The United States Pharmacopeia (USP) has made significant changes to the Prednisone tablets used for Performance Verification Testing (PVT) of Dissolution Apparatus 1 (baskets) and 2 (paddles). We’ve gathered up all the necessary links and included some expert commentary from kenboda in this post to keep you up to date!
Key links from the USP
The following list includes a collection of key resources published by the USP detailing the most recent changes to the Prednisone tablets. Did the actual test change? How long can you use your existing tablets? What about Mechanical Qualification (MQ)? These answers and more can be found here:
- USP PVT Resource Page: Collection of videos, Dissolution FAQs, Methods Database, Calculation Tool, and PVT-related Podcasts
- USP Dissolution Resource Page: Primary starting page for general dissolution information
- USP PVT Brochure
- USP PVT FAQs
- USP PVT Video #1 – FAQs (03:27) - overview of changes to Prednisone tablets
- USP PVT Video #2 – Packaging & Handling (01:35) - summary of improvements to packaging and handling of Prednisone tablets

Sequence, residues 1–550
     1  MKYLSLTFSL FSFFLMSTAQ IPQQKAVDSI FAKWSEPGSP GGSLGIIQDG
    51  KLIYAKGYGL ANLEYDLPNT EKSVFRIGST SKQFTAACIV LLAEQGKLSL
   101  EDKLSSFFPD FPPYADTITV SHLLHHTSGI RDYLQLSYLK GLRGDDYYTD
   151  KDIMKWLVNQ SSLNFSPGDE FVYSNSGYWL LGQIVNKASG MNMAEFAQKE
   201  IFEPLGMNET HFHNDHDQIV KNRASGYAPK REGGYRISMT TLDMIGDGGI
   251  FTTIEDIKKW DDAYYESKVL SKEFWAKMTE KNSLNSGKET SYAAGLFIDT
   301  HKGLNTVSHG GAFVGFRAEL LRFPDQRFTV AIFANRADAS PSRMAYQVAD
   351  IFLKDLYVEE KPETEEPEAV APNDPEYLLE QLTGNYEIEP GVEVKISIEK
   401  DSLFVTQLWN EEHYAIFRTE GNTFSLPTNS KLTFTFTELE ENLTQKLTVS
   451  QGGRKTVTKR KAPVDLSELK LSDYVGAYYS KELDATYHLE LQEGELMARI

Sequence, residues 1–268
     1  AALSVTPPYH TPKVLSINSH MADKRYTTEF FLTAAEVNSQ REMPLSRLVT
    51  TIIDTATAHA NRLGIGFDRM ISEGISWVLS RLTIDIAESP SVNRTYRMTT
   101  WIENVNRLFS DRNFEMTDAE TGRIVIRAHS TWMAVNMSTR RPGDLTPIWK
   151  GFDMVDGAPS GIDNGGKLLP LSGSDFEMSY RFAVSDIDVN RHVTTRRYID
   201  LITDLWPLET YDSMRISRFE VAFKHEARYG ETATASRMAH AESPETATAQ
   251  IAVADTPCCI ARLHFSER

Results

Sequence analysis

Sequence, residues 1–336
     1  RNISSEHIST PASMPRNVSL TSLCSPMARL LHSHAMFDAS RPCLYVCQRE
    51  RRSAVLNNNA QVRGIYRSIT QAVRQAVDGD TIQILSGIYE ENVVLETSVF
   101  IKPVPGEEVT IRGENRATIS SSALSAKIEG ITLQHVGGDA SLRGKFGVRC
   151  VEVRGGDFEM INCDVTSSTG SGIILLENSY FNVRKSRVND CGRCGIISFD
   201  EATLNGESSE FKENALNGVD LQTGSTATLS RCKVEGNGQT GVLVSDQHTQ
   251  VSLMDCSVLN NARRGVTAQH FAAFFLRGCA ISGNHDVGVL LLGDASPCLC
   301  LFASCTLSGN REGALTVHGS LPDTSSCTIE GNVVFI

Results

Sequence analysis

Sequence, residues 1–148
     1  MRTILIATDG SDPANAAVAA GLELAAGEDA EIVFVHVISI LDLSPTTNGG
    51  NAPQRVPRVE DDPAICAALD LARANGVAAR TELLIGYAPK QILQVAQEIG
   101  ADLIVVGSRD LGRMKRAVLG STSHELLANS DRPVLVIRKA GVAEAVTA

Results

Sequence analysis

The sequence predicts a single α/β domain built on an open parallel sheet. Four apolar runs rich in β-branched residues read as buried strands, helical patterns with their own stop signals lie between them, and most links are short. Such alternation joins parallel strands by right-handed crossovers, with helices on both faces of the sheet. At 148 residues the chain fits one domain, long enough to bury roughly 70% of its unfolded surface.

- USP PVT Store Webpage - links to purchase tablets & standard, calculation tool, Dissolution Toolkit (3.0), current and previous Lot Certificates
Ken’s comments (initially posted by kenboda on LinkedIn):
Did You Know the USP Prednisone Tablet is Changing?
There's a big change to the USP Prednisone Tablet happening on May 1st. The tablet is now called a Dissolution Performance Verification Standard (DPVS) and USP <711> has been changed to reflect the new qualification standard. If you are doing the USP PVT/PQ for your dissolution qualification, be aware of the changes. If you're qualifying per the ASTM/FDA Mechanical Qualification Procedure, there is no impact to you.
What's the big change with the new product?
Per USP, the tablet has been changed to have the behavior of the tablet more closely reflect the state of the dissolution unit itself and be less sensitive to other variables. The round shape of the tablet has been chosen to reduce some challenges that have been seen with previous lots such as floating tablets in baskets, not landing in the bottom center of the vessel, and being overly sensitive to vibration and dissolved gasses. Other less obvious changes have been made to help enhance reproducibility of the tablet itself.
Personally, I am hopeful that this new product will improve qualification and reduce false failures of dissolution systems. I've been critical of some previous lots, and the goals of this new product meet many of my concerns through the years. Fingers crossed!
For more details about qualification, Agilent has you covered. Feel free to drop us a comment or question below or contact our experts directly at email@example.com. Thanks for reading!